What typically happens is while looking at your dog, you see a tiny pinpoint eruption on the upper or lower eyelid, similar to a tiny whitehead. If it doesn't change in appearance and your vet identifies it as no big deal, you can leave it alone. But if your veterinarian says it's growing and/or you notice your dog is blinking more with that eye than the other, your pet has noticed there's something wrong.

If that benign cyst continues to grow to the point it rubs the cornea of the eye, your pet's quality of life can become impaired. Corneal pain can be intense, and in this situation I recommend removal of the growth. Your dog's quality of life will diminish with an open wound on the cornea, so surgical removal of the adenoma becomes important.

And to be honest, sometimes removing one of those growths is easier said than done. Sometimes, meibomian gland cysts are tiny where you can see them, but below the lid out of sight they are much, much bigger. Snipping off the superficial eruption – the part that's clearly visible – won't always solve the problem.

Removal of the visible eruption without removing the meibomian gland, which is responsible for producing oil and creating inflammation, often means the eyelid cyst will return.

Often, vets will refer patients with these eyelid tumors to a specialist like a veterinary ophthalmologist or a soft tissue surgeon who can perform finely tuned wedge resections and eyelid reconstruction in order to successfully remove the entire benign tumor.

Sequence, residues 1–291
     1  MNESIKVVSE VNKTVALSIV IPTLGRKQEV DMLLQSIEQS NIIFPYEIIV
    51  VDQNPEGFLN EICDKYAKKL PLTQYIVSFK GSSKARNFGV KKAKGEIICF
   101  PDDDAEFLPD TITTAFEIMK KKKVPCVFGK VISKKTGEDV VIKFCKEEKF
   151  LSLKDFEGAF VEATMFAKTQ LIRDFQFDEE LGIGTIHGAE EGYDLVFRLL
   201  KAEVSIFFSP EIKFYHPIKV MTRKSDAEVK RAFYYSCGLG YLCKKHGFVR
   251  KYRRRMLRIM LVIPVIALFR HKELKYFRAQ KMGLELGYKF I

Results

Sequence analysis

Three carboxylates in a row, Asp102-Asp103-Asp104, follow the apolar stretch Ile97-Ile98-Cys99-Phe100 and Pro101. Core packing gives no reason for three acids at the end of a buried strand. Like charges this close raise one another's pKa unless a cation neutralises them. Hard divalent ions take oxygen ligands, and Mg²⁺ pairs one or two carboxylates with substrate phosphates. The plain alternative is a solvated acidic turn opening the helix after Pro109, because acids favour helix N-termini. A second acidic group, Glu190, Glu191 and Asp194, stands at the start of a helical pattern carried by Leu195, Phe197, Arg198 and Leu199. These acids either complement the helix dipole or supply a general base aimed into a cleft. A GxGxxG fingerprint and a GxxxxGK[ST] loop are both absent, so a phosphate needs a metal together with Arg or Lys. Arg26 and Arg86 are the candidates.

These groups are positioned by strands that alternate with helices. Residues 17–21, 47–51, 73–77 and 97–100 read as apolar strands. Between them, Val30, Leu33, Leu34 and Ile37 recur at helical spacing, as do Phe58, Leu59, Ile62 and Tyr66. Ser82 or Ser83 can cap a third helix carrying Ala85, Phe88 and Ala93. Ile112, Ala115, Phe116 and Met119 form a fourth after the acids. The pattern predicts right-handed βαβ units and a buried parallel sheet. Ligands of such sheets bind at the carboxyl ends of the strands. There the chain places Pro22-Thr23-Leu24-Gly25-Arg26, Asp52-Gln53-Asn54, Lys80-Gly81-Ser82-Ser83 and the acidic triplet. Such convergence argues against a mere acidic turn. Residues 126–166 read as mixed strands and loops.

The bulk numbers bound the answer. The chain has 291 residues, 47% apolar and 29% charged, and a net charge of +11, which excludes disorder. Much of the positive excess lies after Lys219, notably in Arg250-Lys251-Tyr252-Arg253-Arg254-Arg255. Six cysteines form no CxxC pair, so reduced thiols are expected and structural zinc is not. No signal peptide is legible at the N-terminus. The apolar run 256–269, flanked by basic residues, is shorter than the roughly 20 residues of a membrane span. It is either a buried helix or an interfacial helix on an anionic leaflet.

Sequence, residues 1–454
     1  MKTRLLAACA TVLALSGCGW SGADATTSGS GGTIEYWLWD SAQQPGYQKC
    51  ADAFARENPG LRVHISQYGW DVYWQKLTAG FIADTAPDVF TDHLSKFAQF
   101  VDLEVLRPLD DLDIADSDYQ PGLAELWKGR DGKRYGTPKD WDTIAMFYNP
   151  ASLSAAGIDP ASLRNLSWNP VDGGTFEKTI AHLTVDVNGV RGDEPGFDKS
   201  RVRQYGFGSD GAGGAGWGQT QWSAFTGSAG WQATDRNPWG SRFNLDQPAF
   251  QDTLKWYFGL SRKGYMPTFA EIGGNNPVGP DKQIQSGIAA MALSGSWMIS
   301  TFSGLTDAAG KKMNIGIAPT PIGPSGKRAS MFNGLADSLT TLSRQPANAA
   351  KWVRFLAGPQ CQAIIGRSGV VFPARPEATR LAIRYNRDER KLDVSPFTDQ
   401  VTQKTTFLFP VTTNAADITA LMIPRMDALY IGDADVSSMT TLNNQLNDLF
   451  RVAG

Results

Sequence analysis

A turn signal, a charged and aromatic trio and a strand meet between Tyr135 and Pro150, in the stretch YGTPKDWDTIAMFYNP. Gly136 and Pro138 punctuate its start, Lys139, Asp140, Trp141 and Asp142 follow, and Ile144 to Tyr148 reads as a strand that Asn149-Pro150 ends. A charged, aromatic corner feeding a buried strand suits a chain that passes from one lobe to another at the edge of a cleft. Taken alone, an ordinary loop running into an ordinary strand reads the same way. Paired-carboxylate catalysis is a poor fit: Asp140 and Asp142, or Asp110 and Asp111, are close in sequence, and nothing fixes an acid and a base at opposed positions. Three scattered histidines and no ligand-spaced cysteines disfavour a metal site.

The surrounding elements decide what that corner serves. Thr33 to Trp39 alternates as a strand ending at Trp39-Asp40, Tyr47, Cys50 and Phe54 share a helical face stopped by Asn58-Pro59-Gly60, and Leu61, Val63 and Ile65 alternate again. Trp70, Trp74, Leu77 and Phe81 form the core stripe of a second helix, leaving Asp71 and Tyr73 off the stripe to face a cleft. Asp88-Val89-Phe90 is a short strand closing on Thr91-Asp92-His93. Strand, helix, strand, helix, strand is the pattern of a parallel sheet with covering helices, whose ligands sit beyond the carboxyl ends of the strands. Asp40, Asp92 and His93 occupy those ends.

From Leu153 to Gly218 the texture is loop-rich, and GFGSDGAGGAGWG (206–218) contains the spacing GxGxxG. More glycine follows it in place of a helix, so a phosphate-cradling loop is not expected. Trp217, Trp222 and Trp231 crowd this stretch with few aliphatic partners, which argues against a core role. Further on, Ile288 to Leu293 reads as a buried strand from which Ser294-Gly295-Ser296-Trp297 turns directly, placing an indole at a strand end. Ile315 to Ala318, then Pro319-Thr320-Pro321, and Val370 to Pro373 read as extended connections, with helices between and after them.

In my practice, I don't automatically remove eyelid tumors, I watch them. In fact, I recently saw a patient, a 15 year-old Golden Retriever, with a huge eyelid growth. This old girl isn't a candidate for anesthesia due to her age.

It's obvious the growth is bothersome to her. She makes more mucous in the eye with the growth and she blinks more frequently.

What we're doing for this dog is having her owner lubricate the eye with an over-the-counter eye lubricating product called GenTeal. The owner is lubricating the eye thoroughly three to four times a day, which allows the growth to slide back and forth over the cornea without causing abrasion or pain.

Although removing the growth would be optimal, the risk of anesthetizing this particular pet for removal of a benign eyelid lump is not warranted. So instead, we're keeping that cornea well-lubricated to maintain the dog's quality of life while she endures the eyelid growth.


The last type of lumpy bump I want to talk about is a lipoma.

Lipomas are benign fatty masses that are incredibly common in dogs. The traditional veterinary community believes there is no breed, sex or age predisposition for the development of lipomas. And it's true any dog can grow a lipoma – young, old, spayed, neutered, obese or thin.

However, holistic veterinarians believe there's a correlation among the quantity and size of lipomas, the vitality of a dog, and how well she metabolizes fat. If a dog doesn't have a vibrant, thriving metabolism, what tends to happen is that dog lays down fat in what I call 'glumps.'

When you or I gain weight, we tend to gain it in several places on our bodies. When a dog with inappropriate fat metabolism gains weight, he adds glumps of fat in one spot. These glumps of fat are lipomas, or benign fatty masses.